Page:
The regulators like the CRTC, Ofcom, FCC should be concerned with the opening up of wireless phone operating systems. It is a hacker's dream come true and will likely create vulnerabilities that are beyond the control of a telephone company's ability to secure, operate or manage if hacked.
Telephone systems have been hacked and broken into long before edge devices such as mobile phones, smart PDA and handsets came along. But these systems required specific knowledge, and often breaches of security occurred because of careless security procedures that only impacted a single location such as a PBX of a corporate office. In the past we have seen hacked voice mail systems such as the famous cell phone eavesdrop on Carly Fiorina, who was using an older generation cell phone that was simply listened to while she retrieved her voice mail. Initially it was thought that the actual Voice mail platform was hacked into. Voice mail has been hacked into before and is only as good as the policies that are implemented. In both circumstances, the possible security problems are now real problem when applied to wireless phones. The new Droid software released by Google presents a new era of security problems both for cellular carriers and users alike. By no means are they alone: RIM, Apple and others face the same issues and should be aware of the path they now should be responsible for.
Responsible you ask - for what? Software applications are an area that most consumers and user have little expertise in. The vulnerabilities already present in the internet PC world is past epidemic portions and now reaches pandemic proportions; viruses, denial of service attacks and so on. Mobile phones are now as easy to manipulate as a PC. Many already argue that the wireless phone is the next hunting ground for hackers. Scott Totzke, RIM's vice-president of BlackBerry security, said hackers could use smart phones to target wireless carriers using a technique similar to one used in assaults that slowed Internet traffic in the United States and South Korea in July.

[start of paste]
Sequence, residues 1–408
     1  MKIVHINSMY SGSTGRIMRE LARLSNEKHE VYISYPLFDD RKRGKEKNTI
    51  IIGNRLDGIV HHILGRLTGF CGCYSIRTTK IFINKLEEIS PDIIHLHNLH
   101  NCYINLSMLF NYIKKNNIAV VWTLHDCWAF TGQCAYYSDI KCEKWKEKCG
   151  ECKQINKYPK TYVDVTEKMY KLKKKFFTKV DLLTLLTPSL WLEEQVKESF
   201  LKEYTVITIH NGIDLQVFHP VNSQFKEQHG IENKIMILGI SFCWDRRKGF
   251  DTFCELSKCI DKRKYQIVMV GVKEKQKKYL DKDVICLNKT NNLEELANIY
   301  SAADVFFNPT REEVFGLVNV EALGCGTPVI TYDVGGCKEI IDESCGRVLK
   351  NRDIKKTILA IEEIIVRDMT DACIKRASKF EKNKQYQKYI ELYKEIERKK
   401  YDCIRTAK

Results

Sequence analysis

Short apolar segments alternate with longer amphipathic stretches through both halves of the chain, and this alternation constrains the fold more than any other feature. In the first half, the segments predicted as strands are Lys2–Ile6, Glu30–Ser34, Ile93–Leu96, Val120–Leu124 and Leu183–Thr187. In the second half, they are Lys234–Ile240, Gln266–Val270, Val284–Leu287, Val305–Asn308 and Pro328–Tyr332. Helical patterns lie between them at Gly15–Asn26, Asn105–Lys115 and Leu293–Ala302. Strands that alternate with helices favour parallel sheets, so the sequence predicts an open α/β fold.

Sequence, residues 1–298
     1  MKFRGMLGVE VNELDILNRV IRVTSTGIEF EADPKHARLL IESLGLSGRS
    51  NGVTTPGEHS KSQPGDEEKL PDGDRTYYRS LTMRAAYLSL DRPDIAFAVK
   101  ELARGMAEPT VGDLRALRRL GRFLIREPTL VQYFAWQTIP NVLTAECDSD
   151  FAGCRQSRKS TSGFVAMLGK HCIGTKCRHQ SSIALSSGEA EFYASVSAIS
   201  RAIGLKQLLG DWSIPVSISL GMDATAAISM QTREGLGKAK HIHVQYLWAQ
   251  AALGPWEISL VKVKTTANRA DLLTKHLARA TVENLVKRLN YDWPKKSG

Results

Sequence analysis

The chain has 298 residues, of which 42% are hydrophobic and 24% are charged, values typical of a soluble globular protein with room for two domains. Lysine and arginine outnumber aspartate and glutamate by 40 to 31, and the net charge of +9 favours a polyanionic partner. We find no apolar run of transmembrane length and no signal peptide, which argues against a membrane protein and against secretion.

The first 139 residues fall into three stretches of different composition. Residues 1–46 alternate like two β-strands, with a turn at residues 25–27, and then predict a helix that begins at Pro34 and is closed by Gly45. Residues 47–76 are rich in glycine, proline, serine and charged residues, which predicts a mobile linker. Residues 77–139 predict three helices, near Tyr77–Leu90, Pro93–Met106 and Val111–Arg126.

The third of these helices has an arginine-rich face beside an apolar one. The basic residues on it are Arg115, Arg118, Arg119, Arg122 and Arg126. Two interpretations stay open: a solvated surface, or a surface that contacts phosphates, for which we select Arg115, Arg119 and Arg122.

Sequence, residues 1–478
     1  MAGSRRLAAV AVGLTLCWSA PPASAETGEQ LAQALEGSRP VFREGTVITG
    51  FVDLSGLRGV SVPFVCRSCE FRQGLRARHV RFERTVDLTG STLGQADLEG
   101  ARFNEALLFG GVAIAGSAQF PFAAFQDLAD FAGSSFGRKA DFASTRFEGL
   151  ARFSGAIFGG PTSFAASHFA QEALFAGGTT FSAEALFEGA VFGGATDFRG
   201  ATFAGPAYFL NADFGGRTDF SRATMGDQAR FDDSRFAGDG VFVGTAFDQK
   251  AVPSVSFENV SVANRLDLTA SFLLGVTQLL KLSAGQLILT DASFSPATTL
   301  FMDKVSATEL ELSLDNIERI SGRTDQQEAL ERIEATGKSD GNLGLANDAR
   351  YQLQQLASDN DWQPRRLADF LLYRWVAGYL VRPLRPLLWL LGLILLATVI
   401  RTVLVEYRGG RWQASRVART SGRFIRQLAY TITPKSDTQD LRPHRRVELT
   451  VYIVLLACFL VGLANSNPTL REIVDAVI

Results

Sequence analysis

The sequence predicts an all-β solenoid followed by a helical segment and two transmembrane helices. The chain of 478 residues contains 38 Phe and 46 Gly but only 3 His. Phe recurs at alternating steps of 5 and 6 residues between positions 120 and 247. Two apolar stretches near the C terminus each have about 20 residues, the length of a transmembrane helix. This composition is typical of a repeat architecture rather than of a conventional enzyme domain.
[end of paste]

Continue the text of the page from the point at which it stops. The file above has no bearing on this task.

There should be a set of standards and verification tools that regulators use to verify software code on a phone and must be LOCKED DOWN prior to release. Because a wireless phone has access to both communications platforms - the public switched telephone network (PSTN) and internet, the danger is significant and no software application should be released without vetting its ability to withstand attacks to and from the user's device. There is a genuine threat to national security of every country's phone network. There should be penalties for software applications that create vulnerabilities impacting the telephone network. Imagine if 911 / 999 call centers were purposely hit with attacks as one example or worse, your ability to call 911 was blocked because of a rogue software application.